However, by the 1930s, the area had been severely impacted by employment losses as a result of the Great Depression. In the early 1930s, 25% of Harlemites were unemployed, and employment prospects for Harlemites remained bleak for decades. Employment among black New Yorkers has decreased as other ethnic groups have taken over some traditionally black enterprises, such as domestic service and various sorts of physical labor. Major companies abandoned New York City entirely, particularly after 1950. Several riots occurred during this time period, notably those in 1935 and 1943.
World War I and the South’s dwindling economies partly contributed to the Harlem Renaissance
World War I and the South’s dwindling economies partly contributed to the Harlem Renaissance. During World War I, there was a decrease in European immigrants, causing Northern firms to suffer from a labor shortage. In 1914, around 1.2 million European immigrants arrived, whereas just 300,000 arrived the following year. Enlistment of workers in the military has also had an impact on the labor supply. As the Northern industry sought a new labor supply in the South, this presented a wartime opportunity for African Americans in the North.
Northern jobs had several advantages over Southern jobs, including pay that may be double or more. Sharecropping, agricultural downturn, extensive boll weevil infestation, and flooding were all reasons for African Americans to relocate to the Northern Cities. African Americans were also pushed to travel northward by a lack of political power, representation, and social possibilities as a result of a society governed by Jim Crow laws.
During the early twentieth century, Harlem was a popular destination for migrants from all over the country, attracting both those from the South looking for work and an educated class who helped to make the neighborhood a cultural center, as well as a burgeoning “Negro” middle class. These people were searching for a new beginning in their lives, and here was an excellent place to start. The district was founded in the nineteenth century as an elite suburb for the white middle and upper-middle classes; its prosperous beginnings resulted in the construction of stately homes, wide streets, and world-class attractions such as the Polo Grounds and the Harlem Opera House. The once prestigious district was abandoned by the white middle class, who migrated further north during the massive inflow of European immigrants in the late nineteenth century.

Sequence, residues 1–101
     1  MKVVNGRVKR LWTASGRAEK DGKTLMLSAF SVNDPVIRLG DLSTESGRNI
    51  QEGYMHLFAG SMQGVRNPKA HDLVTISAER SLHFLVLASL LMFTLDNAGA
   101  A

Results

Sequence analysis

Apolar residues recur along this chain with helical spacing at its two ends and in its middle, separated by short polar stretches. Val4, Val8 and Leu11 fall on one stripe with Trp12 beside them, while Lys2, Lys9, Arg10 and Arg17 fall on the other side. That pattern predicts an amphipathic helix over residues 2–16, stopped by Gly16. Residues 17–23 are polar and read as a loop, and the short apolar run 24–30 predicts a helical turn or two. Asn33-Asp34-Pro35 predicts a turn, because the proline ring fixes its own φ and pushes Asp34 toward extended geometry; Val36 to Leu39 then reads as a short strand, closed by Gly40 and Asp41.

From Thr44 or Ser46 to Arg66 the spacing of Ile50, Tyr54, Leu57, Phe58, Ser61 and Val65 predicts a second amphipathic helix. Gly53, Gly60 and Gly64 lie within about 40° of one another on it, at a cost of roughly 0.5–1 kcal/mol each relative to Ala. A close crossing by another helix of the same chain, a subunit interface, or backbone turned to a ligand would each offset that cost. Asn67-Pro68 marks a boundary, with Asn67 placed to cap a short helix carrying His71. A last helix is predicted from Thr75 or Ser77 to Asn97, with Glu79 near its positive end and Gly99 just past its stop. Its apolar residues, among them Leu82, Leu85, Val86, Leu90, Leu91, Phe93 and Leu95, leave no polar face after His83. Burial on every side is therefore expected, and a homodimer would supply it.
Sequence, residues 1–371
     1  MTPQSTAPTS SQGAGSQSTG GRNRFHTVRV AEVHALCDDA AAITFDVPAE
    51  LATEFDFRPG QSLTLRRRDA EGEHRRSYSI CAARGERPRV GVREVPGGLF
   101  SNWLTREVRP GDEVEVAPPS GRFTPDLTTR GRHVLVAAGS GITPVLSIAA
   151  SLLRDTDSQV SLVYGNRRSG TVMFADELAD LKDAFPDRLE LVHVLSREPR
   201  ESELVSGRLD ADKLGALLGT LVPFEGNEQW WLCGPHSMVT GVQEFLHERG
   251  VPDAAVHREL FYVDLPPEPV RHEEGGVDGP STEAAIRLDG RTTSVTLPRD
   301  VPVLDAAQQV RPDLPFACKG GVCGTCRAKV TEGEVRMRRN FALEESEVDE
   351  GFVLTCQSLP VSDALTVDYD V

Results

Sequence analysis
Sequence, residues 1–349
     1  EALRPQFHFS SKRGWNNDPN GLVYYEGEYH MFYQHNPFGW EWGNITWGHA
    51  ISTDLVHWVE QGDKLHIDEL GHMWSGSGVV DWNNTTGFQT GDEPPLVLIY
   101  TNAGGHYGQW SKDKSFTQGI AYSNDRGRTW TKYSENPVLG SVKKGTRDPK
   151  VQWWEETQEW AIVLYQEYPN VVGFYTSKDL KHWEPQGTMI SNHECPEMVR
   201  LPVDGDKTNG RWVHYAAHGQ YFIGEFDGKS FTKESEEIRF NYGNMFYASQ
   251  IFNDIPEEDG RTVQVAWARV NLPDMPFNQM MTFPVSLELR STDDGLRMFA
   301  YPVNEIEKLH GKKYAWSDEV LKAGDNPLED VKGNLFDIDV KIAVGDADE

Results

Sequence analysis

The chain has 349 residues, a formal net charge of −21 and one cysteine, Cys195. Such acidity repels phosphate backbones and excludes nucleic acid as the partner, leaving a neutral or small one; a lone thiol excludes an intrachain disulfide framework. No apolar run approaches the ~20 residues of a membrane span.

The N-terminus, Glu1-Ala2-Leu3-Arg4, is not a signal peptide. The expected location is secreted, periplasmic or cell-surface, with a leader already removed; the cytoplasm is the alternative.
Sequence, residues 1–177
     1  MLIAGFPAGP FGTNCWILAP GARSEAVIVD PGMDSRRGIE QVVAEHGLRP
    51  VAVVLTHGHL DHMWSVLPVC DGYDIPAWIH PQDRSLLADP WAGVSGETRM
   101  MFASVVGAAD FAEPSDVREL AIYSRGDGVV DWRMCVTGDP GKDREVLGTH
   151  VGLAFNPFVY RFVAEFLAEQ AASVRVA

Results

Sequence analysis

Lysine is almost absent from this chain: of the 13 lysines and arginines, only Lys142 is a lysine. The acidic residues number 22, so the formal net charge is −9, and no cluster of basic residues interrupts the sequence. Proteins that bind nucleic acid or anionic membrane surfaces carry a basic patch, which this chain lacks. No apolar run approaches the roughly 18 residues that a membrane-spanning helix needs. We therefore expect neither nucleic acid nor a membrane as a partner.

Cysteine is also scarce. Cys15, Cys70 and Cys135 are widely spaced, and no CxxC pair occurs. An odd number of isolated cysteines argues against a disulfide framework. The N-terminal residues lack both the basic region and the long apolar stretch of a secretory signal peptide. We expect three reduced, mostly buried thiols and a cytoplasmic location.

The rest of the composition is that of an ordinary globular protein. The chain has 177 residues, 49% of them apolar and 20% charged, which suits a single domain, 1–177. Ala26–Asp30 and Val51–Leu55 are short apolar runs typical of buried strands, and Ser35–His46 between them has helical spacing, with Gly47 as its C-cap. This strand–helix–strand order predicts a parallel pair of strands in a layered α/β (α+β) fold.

In the early 1900s, Harlem became an African-American community. A big block along 135th Street and Fifth Avenue was purchased in 1910 by a group of African-American realtors and a church group. During the First World War, many more African Americans arrived. Because of the war, labor migration from Europe almost ended, while the war effort created a large demand for unskilled industrial labor. Hundreds of thousands of African Americans arrived in cities such as Chicago, Philadelphia, Detroit, and New York during the Great Migration.